A major storm seems to be headed this way. Predicted totals would be impressive in any year, not just one in which the Nordic areas have been living on a starvation diet.
As always, I'll believe it when I'm shoveling it -- or, in this case, driving in it. It will squat squarely on the first day of my work week, and day one of the twelve-day marathon of Massachusetts Vacation Week.
Two feet of fluff will lure skiers into the back-country, where the base is thin and avalanche hazard will be high. With very cold air in place, the snow will have little density. Once it settles, the initial 18 to 24 inches could quickly become 12 to 18. Fortunately, what fell in the last storm was also light and dry, so the layers will merge securely for the most part. I have not kept tabs on high elevations, so I don't know what crust layers might lurk there. Thin cover will likely be more of an issue than shearing between layers over an ice crust. And with the storm on a Wednesday, the steep slopes will have sloughed by Saturday.
In past winters we have seen the storm track shift so that the second half buried us. By April we had long ago forgotten what a disappointment January had been. But we've also seen one-storm winters, in which we waited and waited for that one big payoff and then clanked through the rocks under two feet of dust when we tried to wail on it.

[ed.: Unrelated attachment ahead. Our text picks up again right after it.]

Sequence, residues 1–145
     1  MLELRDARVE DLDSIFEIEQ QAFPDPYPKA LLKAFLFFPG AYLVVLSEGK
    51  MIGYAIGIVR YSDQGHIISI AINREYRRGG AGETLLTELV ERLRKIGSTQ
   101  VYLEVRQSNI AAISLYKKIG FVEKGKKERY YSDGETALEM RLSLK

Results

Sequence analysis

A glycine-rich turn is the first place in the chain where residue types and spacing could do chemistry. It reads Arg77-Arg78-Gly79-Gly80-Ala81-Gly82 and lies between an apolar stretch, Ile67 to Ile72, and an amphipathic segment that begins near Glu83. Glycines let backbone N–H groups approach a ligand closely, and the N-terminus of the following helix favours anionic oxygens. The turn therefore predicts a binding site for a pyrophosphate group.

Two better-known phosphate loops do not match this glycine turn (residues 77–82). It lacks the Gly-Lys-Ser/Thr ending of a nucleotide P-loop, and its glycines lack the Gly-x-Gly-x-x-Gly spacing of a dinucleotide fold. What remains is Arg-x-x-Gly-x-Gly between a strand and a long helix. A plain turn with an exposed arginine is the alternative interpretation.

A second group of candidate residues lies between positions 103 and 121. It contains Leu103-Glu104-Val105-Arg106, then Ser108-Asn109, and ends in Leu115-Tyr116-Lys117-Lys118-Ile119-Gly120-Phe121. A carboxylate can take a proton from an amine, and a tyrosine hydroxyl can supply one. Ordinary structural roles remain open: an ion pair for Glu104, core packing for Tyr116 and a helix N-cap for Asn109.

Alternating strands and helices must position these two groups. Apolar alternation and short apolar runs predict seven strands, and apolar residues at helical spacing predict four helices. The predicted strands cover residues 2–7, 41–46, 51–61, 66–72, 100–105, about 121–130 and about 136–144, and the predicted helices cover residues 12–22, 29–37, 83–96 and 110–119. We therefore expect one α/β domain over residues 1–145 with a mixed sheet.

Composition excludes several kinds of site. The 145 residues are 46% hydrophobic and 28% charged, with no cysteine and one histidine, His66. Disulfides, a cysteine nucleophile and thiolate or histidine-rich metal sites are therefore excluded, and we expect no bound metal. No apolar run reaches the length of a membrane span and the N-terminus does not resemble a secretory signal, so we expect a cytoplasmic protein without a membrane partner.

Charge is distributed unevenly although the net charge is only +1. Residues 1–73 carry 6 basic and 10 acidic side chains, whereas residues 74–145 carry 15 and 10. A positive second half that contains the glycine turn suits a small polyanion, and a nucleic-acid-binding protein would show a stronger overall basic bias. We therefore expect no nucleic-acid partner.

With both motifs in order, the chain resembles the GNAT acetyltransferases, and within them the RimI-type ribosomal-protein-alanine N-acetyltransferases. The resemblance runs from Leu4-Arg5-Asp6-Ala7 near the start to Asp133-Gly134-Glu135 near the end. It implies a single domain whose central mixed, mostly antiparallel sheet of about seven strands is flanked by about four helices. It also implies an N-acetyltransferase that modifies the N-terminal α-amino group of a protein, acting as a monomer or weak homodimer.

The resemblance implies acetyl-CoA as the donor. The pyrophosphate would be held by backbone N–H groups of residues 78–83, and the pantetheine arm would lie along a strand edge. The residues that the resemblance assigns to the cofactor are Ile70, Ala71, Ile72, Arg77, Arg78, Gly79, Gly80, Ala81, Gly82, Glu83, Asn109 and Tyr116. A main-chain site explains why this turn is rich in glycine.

On the groomies at Nordic centers the news is all good. The big machines may flatten two feet of pow' into eight inches of solid cover on the trail, but that's eight more than we had before.
Cold weather is predicted to continue through the week. After that, from a commercial standpoint, the weather doesn't really matter. But for real skiers, let's hope March brings what the rest of the season could not. And then it's on to kayaking and biking, unless you're really obsessed. But the really obsessed don't read me.